4 Ways to Keep Yourself and Others Safe in ‘The Red Zone’

Trigger Warning: This article contains descriptions of sexual assault. 

For some students, the sole reason to attend higher education is to socialize and party. For others, partying is an outlet to let go of the day-to-day stress that follows academia. 

No matter how students choose to balance work and pleasure, it’s important to prioritize health and safety, especially when campuses are in “The Red Zone” part of the academic year. 

“The Red Zone” is the time period beginning each fall when students start to arrive on campus and lasts until Thanksgiving break. About 50% of sexual assaults occur on college campuses during this time, according to the National Center on Safe Supportive Learning Environments.

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It is recommended that students prioritize their safety year-round, but reported sexual violence incidents spike during those weeks, due to the vulnerability of people celebrating the start of a new school year. 

Here are some ways to keep yourself safe, especially while universities across the country are in The Red Zone:

Use the buddy system

According to the Rape Abuse and Incest National Network (RAINN), when you go out, you should go with someone/people you trust. Make plans to check on each other and leave together, and if plans change, update everyone in the group. 

If you need to rearrange your plans, remember that it is unsafe for individuals to be left alone.  Leaving as a group is a strategic way to ensure that everyone gets home safely. If someone has to step outside or use the restroom, it is good to be cautious and bring a friend with you. 

When among peers, it is also easy to feel like you’ve made a new friend that’s trustworthy, but remaining skeptical of new people can keep you out of a bad situation. Until someone has proved themselves to be reliable, you shouldn’t let yourself be alone with them. It’s better to bring a friend along or meet in a public place. 

Know your limits

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If consuming alcoholic beverages, keep track of what you are drinking and how much. You should also keep track of your friends and make sure they aren’t going over their limit. 

 If you or anyone else begins to feel tired, or their intoxication level doesn’t match how much they’ve had to drink, you may have been drugged, and it’s important to get to a safe place and find help immediately, according to RAINN.  

 When you push your drinking limit, you become vulnerable. According to the National Institute on Drug Abuse, potential predators are more likely to sexually assault individuals who are vulnerable and drunk. It’s important to make clear that under no circumstances does alcohol cause sexual assault, but it can be a significant factor.  Drink responsibly and know your limits. 

BORGS are an increasingly popular method of drinking among college students, but their potentially life-threatening levels of alcohol are commonly disregarded.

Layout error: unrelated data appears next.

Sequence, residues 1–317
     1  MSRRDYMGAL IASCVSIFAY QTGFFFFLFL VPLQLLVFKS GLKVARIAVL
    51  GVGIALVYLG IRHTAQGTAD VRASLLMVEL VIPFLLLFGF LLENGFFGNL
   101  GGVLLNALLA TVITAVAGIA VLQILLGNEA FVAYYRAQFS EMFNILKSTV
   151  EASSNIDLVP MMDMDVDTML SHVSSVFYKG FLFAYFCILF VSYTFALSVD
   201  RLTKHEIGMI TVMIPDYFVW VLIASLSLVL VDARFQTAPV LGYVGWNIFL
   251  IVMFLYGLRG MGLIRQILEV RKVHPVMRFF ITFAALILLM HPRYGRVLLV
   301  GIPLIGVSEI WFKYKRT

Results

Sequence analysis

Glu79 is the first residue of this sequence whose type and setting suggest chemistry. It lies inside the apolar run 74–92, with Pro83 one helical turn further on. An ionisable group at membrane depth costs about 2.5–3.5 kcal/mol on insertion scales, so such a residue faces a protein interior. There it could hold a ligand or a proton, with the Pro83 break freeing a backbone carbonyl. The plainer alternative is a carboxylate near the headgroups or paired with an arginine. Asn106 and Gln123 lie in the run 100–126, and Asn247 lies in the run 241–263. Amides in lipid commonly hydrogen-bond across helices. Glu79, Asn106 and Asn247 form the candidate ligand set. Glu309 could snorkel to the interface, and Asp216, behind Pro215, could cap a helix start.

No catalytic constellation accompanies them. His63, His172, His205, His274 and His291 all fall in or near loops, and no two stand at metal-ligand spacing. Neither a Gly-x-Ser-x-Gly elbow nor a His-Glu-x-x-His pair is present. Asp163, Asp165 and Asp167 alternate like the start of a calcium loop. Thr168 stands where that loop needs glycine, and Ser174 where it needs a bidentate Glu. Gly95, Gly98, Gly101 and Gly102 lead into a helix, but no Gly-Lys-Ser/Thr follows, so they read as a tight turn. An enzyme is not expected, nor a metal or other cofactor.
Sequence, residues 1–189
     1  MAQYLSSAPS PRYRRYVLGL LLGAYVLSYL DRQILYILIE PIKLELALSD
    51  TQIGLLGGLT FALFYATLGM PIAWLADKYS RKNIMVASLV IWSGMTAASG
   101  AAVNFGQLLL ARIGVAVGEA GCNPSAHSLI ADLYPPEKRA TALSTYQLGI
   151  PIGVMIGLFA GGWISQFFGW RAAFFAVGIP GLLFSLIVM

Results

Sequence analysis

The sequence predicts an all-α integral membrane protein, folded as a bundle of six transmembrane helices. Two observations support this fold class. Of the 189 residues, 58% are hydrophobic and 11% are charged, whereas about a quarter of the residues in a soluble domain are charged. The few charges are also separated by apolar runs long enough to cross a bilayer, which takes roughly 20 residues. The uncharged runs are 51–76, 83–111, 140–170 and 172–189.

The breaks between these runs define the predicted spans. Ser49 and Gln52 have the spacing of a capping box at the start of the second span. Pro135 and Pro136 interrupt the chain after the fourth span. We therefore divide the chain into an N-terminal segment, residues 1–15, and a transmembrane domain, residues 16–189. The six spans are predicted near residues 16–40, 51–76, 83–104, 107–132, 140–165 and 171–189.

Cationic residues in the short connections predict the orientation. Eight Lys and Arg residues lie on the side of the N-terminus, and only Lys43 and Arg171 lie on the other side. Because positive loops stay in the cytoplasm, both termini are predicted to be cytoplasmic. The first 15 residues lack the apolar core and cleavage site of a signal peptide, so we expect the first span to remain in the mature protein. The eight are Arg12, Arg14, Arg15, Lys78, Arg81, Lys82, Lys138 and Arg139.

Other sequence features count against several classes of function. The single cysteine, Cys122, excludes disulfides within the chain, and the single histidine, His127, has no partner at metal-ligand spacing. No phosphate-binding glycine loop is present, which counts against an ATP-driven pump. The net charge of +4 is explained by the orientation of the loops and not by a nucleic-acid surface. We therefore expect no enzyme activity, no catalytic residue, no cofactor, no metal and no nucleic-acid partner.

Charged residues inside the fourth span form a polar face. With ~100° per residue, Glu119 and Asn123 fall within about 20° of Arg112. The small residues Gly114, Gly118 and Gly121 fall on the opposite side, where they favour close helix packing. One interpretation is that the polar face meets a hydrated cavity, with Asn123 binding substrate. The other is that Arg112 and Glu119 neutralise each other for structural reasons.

According to Poison Control, a BORG stands for “blackout rage gallon.” It consists of a gallon-sized container of water with half of the contents emptied. Then up to a fifth of vodka is poured in and it’s topped off with flavor enhancer and electrolyte powder. The idea is that you’re staying hydrated while you drink to minimize the effects of a hangover the next day. However, with high intakes of alcohol, there is still a chance of a hangover, no matter how hydrated someone is. 

While BORGs are advertised as a “safer” way to drink, it can actually be extremely dangerous. Usually, there is no use of measurements when making a BORG, so it’s hard to tell how much alcohol you are actually consuming. Additionally, BORGs often contain up to 17 standard drinks of alcohol, which creates a significantly high risk of alcohol poisoning, even when it’s consumed over a long period of time. 

 If you or somebody else seems to have had too much to drink, making sure they’re safe is vital. If you suspect someone is displaying symptoms of alcohol poisoning, seek medical attention immediately. Under the circumstance that someone has had too much, but isn’t at risk of overdose, making sure they get home safely can help prevent an assault. 

Ball State University utilizes a “good neighbor policy.” This policy states that “The Good Neighbor Exception provides University officials the opportunity to waive University conduct action regarding drug or alcohol policy violations if a student risked revealing their own violation in order to seek medical or other emergency assistance for another person.” 

Trust your instincts

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If something feels off, you should trust your gut, and leave situations that you feel uncomfortable in.  When you feel pressured, find a way out. Your safety is the most important thing in that situation, according to RAINN.  

How can bystanders help? 

According to the National Sexual Violence Resource Center, if you see someone being harassed in any way, and it is safe to do so, intervention can help them get out of the situation. 

One way to do this is by interrupting the harasser and pretending to know the targeted person. The more people who can get involved in the intervention, the better. 

Once the situation has been de-escalated, make sure the person receives the necessary support. This can include telling them it’s not their fault, and they didn’t do anything wrong or expressing your support for them. If anyone feels unsafe, you can also consider contacting university police.

College is a memorable transition for many, and having fun is a part of that. Staying safe, drinking responsibly, and looking out for peers and the people you care about is also a prevalent part of the culture that shouldn’t be overlooked. 

Contact Ella Howell with comments @ella.howell@bsu.edu.


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